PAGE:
Bennett Cerf, co-founder of Random House, who had won the landmark obscenity case against James Joyce’s Ulysses, took me by surprise. He was one of the publishing gentry, but was nevertheless approachable and somehow, to my mind, vulnerable. But on Lady Chatterley’s Lover he almost derailed us. In reply to my plea for support he wrote, “I can’t think of any good reason for bringing out an unexpurgated version of Lady Chatterley’s Lover at this late date. In my opinion the book was always a very silly story, far below Lawrence’s usual standard, and seemingly deliberately pornographic . . . . I can’t help feeling that anybody fighting to do a Lady Chatterley’s Lover in 1954 is placing more than a little of his bet on getting some sensational publicity from the sale of a dirty book.” Still, I liked Cerf and more or less ignored his nasty response. Despite his initial reaction, ultimately he would become a good and valuable friend in the battle for Lady Chatterley.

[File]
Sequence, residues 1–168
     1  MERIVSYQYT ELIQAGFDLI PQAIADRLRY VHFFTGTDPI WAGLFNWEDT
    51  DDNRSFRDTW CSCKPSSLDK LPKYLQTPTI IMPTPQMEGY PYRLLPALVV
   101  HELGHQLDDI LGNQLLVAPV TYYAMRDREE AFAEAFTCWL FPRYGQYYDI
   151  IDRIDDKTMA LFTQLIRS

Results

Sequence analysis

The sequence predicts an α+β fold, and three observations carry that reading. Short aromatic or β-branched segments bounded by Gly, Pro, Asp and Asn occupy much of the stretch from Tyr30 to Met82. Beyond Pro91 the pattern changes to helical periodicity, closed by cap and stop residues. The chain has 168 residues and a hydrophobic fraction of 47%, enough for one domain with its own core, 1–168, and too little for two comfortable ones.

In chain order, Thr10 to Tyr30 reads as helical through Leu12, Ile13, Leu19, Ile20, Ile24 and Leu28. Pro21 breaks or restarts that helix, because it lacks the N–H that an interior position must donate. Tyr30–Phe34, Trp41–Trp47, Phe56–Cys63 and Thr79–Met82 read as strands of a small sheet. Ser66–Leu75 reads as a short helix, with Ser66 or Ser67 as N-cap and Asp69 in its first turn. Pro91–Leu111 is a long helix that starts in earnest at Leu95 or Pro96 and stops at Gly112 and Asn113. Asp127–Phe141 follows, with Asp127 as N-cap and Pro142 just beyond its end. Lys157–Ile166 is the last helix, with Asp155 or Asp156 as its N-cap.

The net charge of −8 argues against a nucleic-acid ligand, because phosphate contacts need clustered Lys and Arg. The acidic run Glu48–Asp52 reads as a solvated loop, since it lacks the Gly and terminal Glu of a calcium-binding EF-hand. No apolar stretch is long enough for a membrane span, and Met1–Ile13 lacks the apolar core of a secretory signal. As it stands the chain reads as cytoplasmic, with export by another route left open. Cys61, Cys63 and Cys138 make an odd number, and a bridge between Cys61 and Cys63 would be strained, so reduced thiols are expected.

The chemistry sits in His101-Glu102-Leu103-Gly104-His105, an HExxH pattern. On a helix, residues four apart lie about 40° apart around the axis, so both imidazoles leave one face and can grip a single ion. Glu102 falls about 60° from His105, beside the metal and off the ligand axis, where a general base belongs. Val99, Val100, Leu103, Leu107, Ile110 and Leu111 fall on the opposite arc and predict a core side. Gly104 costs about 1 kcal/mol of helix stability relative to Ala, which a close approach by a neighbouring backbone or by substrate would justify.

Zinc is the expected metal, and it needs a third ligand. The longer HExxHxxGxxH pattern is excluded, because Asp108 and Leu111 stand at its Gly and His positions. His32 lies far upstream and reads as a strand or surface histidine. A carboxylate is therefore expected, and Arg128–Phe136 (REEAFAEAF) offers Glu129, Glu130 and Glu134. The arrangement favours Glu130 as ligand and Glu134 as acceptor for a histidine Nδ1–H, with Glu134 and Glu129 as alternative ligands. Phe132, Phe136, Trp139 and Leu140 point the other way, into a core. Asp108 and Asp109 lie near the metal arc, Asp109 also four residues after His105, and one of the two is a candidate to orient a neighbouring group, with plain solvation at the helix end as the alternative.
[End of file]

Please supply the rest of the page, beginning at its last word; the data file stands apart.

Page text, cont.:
Bennett Cerf aside, I received more than enough favorable support to proceed. Jacques Barzun, the cultural historian, wrote:
I have no hesitation in saying I do not consider Lawrence’s novel pornographic. Its aim is that of all his work: artistic, moral and indeed inspired by a passion to reform our culture in ways that he thought would produce greater harmony, happiness, and decency.
And Archibald MacLeish responded:
Only those to whom words can be impure per se or those to whom “certain subjects” cannot be mentioned in print though they are constantly mentioned in life, or those to whom the fundamental and moving facts of human existence are “nasty” could conclude on the evidence of the text itself that Lady Chatterley’s Lover, as Lawrence wrote it, is obscene.